Tesla board forms committee to evaluate buyout proposals

Tesla board forms committee to evaluate buyout proposals

Tesla has not received a formal proposal from its founder Elon Musk to take the company private, its board of directors has said.

Elon Musk said via Twitter on Monday evening that he was working with Goldman Sachs and Silver Lake as financial advisers on a proposal to take Tesla private. Moreover, Silver Lake is not now discussing participating in the deal as an investor, the source said. Tesla, meanwhile, declined to comment when reached by Business Insider.

What exactly Musk had intended by saying "secured" has emerged as a potential legal and regulatory minefield for the Silicon Valley billionaire after his unorthodox disclosure. Silver Lake and both law firms did not immediately respond to a request for comment. Shares have fallen from those highs, but remain elevated.

The shares were up 0.4 percent to $357.87 on Tuesday.

Following that, Musk met with the Saudi fund representatives on July 31, which has already accumulated nearly 5% of Tesla stock via public markets.

According to two unnamed people familiar with the fallout who talked to The Times about Musk's online musings, the Tesla CEO allegedly told an informal adviser that he posted on Twitter "impulsively", and said he was "not the kind of person who could hold things in", and admitted he "was angry at the company's critics".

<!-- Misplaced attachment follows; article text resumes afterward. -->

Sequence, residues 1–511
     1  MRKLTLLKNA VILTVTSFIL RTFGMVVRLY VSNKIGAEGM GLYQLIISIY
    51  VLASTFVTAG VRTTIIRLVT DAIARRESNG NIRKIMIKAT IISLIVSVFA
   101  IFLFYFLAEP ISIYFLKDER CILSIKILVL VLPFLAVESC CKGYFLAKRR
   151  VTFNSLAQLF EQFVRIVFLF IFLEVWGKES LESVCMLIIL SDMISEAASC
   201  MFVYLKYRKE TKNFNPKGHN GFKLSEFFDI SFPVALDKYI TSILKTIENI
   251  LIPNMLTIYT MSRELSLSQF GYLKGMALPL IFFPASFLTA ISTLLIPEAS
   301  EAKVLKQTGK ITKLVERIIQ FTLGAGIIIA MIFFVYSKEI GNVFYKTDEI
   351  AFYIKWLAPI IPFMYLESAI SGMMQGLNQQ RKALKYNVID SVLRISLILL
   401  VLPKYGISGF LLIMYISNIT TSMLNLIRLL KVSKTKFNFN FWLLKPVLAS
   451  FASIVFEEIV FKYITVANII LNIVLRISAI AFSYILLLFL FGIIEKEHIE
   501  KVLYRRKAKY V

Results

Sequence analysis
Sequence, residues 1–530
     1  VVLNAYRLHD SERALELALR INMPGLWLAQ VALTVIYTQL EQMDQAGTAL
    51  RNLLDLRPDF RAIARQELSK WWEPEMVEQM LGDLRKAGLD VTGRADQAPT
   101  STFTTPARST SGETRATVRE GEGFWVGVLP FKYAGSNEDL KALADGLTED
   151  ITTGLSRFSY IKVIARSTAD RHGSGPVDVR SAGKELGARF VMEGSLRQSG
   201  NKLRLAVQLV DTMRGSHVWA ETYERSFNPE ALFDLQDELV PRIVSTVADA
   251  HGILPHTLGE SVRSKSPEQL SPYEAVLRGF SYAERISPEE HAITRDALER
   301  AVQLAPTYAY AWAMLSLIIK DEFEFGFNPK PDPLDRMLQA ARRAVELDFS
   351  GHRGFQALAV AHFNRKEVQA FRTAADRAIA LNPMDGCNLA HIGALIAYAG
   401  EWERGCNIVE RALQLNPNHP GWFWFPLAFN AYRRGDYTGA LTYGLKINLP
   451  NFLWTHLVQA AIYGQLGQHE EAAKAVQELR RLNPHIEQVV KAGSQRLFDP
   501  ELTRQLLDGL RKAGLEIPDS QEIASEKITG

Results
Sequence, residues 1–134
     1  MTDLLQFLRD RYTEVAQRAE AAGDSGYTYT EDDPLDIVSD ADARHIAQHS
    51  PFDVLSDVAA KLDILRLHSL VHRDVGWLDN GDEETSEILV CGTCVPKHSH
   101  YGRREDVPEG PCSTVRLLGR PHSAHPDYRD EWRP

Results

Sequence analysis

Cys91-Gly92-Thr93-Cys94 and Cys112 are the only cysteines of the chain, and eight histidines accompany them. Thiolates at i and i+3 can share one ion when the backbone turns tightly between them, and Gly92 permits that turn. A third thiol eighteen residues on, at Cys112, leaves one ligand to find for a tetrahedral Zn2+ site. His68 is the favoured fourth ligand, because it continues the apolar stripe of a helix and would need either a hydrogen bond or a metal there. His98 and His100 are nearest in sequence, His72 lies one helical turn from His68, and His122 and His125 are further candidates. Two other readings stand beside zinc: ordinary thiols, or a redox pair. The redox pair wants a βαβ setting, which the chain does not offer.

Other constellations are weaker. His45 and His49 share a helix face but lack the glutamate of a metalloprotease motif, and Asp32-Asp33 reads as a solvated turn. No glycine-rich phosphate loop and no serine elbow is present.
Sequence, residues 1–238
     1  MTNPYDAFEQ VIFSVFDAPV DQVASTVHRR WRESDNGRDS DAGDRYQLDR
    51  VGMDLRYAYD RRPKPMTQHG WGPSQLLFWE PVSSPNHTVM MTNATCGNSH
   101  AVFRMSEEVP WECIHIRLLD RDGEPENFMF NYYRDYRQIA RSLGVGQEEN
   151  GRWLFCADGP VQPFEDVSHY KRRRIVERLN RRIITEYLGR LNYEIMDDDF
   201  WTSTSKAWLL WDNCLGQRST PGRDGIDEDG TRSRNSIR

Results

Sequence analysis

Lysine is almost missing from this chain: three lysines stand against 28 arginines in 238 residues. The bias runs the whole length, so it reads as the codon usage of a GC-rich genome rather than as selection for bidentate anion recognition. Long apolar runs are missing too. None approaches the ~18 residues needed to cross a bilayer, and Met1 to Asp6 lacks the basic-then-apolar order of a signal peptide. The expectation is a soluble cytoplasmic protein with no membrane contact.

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Saudi Arabia's Public Investment Fund (PIF) is known for its technology investments, including the $45bn it has spent in SoftBank Group Corp's Vision Fund.

The Saudi fund intends to sell its $70 billion stake in Saudi Basic Industries to oil giant Aramco, which could free up funds for new deals, but that sale may take months to conclude. He clarified on Monday that he meant he'd expected the finding from Saudi Arabia.

PIF officials have said in the past that decisions at the sovereign wealth fund are made with care, emphasising corporate governance. The PIF board is headed by the Crown Prince Mohammed bin Salman.

Additionally, Musk and Tesla are being sued by investors who claim the plan to go private was part of a "fraudulent scheme" to punish short-sellers, or investors who borrow stock in a company with the hope shares will fall.

That tweet may have created a sticky situation for Musk as it appears the funding may not be locked up yet.

In the days that followed, the SEC got involved, reportedly investigating Musk's online musings about taking the company private.

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